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Is Coke Zero Keto-Friendly?

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  Published on January 10th, 2022
  Reading time: 3 minutes
  Last modified July 9th, 2023
is coke zero keto

No matter what diet you are following, it is typically advised that you cut out soda. Soda is filled with sugar and calories–both of which aren’t beneficial when trying to lose weight or get healthy. Diet soda was created as a 0-calorie, sugar-free alternative to traditional soda, but in recent years it’s received a lot of backlash. There seems to be mixed information out there about whether or not Coke Zero is actually keto or not, but why?

Coke Zero Nutrition & Ingredients

Like Diet Coke, which is sweetened with aspartame, Coke Zero is sweetened with aspartame and acesulfame potassium (ace K). Coke Zero Sugar, a different sugar-free alternative, also contains aspartame as a primary sweetening agent. 

All three variations of zero calories Coca-Cola products contain 0 calories, 0g carbohydrates, and 0g of sugar. 

The Aspartame Controversy 

Aspartame is an artificial sweetener created from the two amino acids phenylalanine and aspartic acid. Because it is significantly sweetener than sugar, it is often used in diet products like diet soda as a zero-calorie, zero-sugar alternative. There are a few different problems that are associated with aspartame–the first being cancer.

Sugar-free diet soda in a glass

This idea that aspartame can cause cancer was due to a published paper that indicated a correlation between aspartame consumption and cancer in rats. [1] This study, however, has been called into question many times. For starters, animal studies do not correspond well to effects in humans. No consistent data in humans have been published indicating that aspartame is linked to cancer. Additionally, the rats were fed doses of aspartame high enough to be considered unsafe in humans. This isn’t exactly equivalent to having a diet drink every once and a while. [2]

Aspartame is an FDA-regulated food product. Its consumption is considered safe up to 50 mg/kg body weight per day. The European Union has a slightly lower safety measure at 40 mg/kg per day. To put that in perspective, if an individual weighs 150 lbs (68kg), up to 3,400mg of aspartame consumption per day is recognized as safe. Coke zero contains 58mg of aspartame per 8oz. That means in order to consume an unsafe amount of aspartame, that 150lb individual would have to consume about 58.6 8oz bottles of Coke Zero which is equivalent to 469 oz of the beverage. That’s a lot of diet soda!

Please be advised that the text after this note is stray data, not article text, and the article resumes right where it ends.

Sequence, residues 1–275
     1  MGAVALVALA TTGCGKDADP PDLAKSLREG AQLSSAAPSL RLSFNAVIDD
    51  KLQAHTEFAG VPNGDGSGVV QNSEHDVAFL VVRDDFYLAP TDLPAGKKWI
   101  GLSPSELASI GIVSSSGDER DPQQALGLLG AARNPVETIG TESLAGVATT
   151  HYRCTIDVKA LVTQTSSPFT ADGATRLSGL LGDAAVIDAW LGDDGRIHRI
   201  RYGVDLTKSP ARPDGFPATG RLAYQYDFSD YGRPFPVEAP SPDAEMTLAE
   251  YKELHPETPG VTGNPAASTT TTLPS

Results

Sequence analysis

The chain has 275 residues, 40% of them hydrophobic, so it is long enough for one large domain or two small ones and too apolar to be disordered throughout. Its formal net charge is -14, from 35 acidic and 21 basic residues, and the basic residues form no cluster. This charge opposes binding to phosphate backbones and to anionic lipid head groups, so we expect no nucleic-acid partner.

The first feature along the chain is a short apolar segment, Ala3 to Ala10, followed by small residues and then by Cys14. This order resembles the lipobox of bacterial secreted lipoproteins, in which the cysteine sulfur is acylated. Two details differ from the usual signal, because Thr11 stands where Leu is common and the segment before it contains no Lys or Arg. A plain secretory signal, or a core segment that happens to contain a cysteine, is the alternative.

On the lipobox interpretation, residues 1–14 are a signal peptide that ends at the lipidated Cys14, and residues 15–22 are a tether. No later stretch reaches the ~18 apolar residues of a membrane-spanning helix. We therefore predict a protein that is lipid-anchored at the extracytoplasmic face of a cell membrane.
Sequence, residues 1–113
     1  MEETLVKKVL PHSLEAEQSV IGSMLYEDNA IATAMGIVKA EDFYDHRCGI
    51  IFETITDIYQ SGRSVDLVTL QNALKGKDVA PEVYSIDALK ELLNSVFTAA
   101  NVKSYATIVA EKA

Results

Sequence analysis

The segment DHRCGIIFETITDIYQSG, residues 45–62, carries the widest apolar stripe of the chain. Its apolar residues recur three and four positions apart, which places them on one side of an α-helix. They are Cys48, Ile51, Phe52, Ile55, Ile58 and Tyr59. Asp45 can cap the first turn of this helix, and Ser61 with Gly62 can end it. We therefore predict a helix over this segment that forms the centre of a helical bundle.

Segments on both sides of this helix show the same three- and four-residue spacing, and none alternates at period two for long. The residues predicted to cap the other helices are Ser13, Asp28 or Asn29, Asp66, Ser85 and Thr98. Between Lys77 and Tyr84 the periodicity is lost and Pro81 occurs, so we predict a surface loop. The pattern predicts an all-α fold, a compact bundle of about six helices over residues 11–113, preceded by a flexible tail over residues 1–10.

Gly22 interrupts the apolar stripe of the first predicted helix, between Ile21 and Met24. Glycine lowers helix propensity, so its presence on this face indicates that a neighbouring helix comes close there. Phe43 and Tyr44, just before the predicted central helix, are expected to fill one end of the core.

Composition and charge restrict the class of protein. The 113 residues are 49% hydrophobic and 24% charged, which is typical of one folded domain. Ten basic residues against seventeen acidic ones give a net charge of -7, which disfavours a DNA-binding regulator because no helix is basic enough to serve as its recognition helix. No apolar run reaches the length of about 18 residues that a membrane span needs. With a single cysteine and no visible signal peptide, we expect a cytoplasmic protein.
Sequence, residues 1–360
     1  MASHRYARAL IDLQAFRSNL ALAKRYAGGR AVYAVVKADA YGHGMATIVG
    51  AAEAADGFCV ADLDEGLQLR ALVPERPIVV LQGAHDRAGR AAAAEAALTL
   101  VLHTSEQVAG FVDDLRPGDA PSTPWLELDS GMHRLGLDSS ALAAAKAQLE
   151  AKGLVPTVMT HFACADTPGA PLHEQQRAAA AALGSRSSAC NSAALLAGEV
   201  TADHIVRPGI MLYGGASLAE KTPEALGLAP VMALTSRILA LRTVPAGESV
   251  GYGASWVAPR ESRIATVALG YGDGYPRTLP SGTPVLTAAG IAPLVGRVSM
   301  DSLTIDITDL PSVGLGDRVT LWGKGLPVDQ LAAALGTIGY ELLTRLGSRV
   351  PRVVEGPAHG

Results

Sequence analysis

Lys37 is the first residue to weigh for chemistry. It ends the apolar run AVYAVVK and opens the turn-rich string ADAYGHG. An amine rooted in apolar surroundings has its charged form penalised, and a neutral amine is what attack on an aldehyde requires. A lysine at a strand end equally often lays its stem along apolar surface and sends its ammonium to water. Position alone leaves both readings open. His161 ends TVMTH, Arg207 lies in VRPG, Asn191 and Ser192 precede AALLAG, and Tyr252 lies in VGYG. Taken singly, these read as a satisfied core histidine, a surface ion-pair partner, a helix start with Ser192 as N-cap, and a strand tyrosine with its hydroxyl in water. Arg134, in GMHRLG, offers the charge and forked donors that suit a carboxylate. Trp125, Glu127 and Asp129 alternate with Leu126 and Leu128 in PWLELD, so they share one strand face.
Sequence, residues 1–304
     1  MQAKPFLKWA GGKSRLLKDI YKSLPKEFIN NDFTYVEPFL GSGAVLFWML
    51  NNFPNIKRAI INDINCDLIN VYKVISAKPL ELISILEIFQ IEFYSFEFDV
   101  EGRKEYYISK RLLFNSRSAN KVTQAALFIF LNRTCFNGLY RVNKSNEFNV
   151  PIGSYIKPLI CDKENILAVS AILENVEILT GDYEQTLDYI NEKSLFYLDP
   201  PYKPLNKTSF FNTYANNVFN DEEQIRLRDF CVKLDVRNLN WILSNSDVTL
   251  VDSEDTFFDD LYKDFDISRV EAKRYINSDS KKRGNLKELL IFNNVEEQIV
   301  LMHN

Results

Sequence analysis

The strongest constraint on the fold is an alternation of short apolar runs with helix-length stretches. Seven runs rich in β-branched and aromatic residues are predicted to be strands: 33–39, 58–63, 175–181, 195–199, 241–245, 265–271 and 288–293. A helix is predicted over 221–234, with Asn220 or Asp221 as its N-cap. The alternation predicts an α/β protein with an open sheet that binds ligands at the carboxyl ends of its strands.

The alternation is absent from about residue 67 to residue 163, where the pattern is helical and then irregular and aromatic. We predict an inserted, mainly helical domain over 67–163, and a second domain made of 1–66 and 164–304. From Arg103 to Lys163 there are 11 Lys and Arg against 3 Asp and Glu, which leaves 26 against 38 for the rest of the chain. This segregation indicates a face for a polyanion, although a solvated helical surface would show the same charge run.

Additional Concerns About Aspartame

Other than cancer, there have been a few additional concerns regarding aspartame. Some research has identified a potential link between aspartame consumption and sweet cravings, as well as alterations in the gut microbiome. For more information on this research and additional concerns regarding aspartame, check out our full article about aspartame

Concluding Thoughts on Drinking Coke Zero on Keto

Drinking Coke Zero on a keto diet isn’t likely to kick you out of ketosis. If it helps curb sweet cravings and prevents you from drinking regular coke, then give it a shot. However, if you find that you do have increased cravings for sweets or other carbohydrates after drinking them, consider limiting consumption. At the end of the day, the healthiest thing you can drink is water, so don’t allow Coke Zero to be a substitution.

But, having a glass every once in a while is unlikely to cause any concern, unless you have been diagnosed with a specific condition like Phenylketonuria (PKU) which is a rare disorder resulting in the build-up of an amino acid called phenylalanine.

At ketogenic.com, we are committed to supporting, inspiring, and educating people on the benefits of living a ketogenic lifestyle. We do this by bringing together the top researchers, practitioners, and thought-leaders who provide resources, experience, and awareness associated around the Ketogenic diet. Utilizing the latest cutting-edge research along with practical experience, the team at ketogenic.com aims to foster awareness, understanding, and connectedness in helping others optimize their life on a ketogenic diet.



Schubert, C. Aspartame linked to increased cancer risk in rats. Nature (2005). https://doi.org/10.1038/news051114-15


Haighton L, Roberts A, Jonaitis T, Lynch B. Evaluation of aspartame cancer epidemiology studies based on quality appraisal criteria. Regul Toxicol Pharmacol. 2019 Apr;103:352-362. doi: 10.1016/j.yrtph.2019.01.033. Epub 2019 Feb 2. PMID: 30716379.

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